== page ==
Medicare, Medicaid Anniversary Raises Fears, Hopes for Future
August 14, 2013 – The end of July marked the 48th anniversary of the signing of the Social Security Act which turned Medicare and Medicaid into law.
Now – with talk of Medicare becoming a voucher program, and threats to Medicaid, Social Security and other entitlements – local activists are fighting to protect the program and potentially to expand it.
“What would sum it up is that we would like to see Medicare for all. We'd not only like to see Medicare protected and improved but expanded for the entire population,” said Dr. Camilo Marquez, co-chair of the health committee of Jobs with Justice, which along with several other groups, helped organize a Medicare birthday party last week at the Hollywood Senior Center in Portland, attended by about 50 people.
The event was organized to celebrate and also raise awareness about threats to Medicare and other programs that affect seniors and low-income people – and to push for single-payer healthcare.
“We're in support of all healthcare reform but some reforms are better than others,” Marquez said. “Healthcare should be universal.”
“I'm one of those people over 50 looking for a job right now,” said Lisa Stiller, who also serves on Jobs with Justice's health committee. Stiller has been without health insurance for five and a half years, and is concerned about the limitations of the Affordable Care Act, noting that people who earn too much to qualify for subsidies may end up paying a quarter of their income to cover the cost of monthly premiums.
Marquez said activists feel confident that the single-payer study authorized by the Oregon Legislature earlier this year “will show single payer is the best way to go,” and are optimistic -- despite the expected hurdles – about getting a single-payer program in place.
Steve Weiss, a board member of United Seniors of Oregon, which also helped organize last week's event, has been in favor of universal healthcare since the early 1960s, when friends came back from visiting England and told him after they got sick overseas, they could get care without having to pay. He thought, “We've got to get this here within 10 years.”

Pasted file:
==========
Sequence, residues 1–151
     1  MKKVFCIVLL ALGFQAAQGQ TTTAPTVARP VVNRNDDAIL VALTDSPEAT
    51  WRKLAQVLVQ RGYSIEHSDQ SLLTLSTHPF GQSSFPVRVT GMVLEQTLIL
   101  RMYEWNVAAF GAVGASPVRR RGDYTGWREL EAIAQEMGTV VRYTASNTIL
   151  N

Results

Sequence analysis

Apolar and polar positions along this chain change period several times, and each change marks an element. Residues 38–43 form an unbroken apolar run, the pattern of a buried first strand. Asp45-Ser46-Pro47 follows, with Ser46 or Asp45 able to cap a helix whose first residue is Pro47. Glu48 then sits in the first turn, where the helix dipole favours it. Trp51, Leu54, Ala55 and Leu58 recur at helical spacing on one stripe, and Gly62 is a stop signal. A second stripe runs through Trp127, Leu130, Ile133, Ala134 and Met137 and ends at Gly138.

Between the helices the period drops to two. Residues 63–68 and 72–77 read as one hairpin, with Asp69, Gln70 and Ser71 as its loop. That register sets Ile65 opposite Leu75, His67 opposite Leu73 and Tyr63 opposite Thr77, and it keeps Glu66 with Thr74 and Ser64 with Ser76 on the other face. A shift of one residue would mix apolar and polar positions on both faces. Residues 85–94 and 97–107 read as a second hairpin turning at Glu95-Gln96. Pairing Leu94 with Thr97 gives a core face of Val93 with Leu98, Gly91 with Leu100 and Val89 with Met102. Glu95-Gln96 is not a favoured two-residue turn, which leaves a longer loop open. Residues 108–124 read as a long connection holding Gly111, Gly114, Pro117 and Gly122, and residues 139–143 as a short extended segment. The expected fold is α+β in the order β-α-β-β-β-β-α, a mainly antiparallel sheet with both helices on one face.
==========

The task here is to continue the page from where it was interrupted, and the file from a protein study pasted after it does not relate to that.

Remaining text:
Weiss, who is eligible for both Medicare and Medicaid, said he’s concerned about the fate of both programs.
“I have a number of concerns. The Republicans, some months ago, and their proposal still on the table, is to voucherize Medicare. Voucherizing of the program is one more step toward privatization,” Weiss said, noting the institution of Medicare Advantage plans was a first step in that direction, and a successful one at that.
Weiss is actually more concerned about the Medicaid’s future. While the number of providers who accept Medicare patients has increased in recent years, the converse has occurred with Medicaid with the number of providers willing to see Medicaid patients has gone down – which could create a crisis after the Affordable Care Act's Medicaid expansion next January when people earning up to 138 percent of the federal poverty level will qualify in Oregon. U.S. Rep. Paul Ryan has proposed funding Medicaid with a block grant program, which could eliminate Medicaid in states with conservative leadership, Weiss said.
“I really don't know what's going to happen here. It's such a pressing problem, we wanted to let folks know about it,” Weiss said. “It's nice to have celebrations like we did, but eternal vigilance is the price of maintaining these programs.”
Christen McCurdy can be reached at firstname.lastname@example.org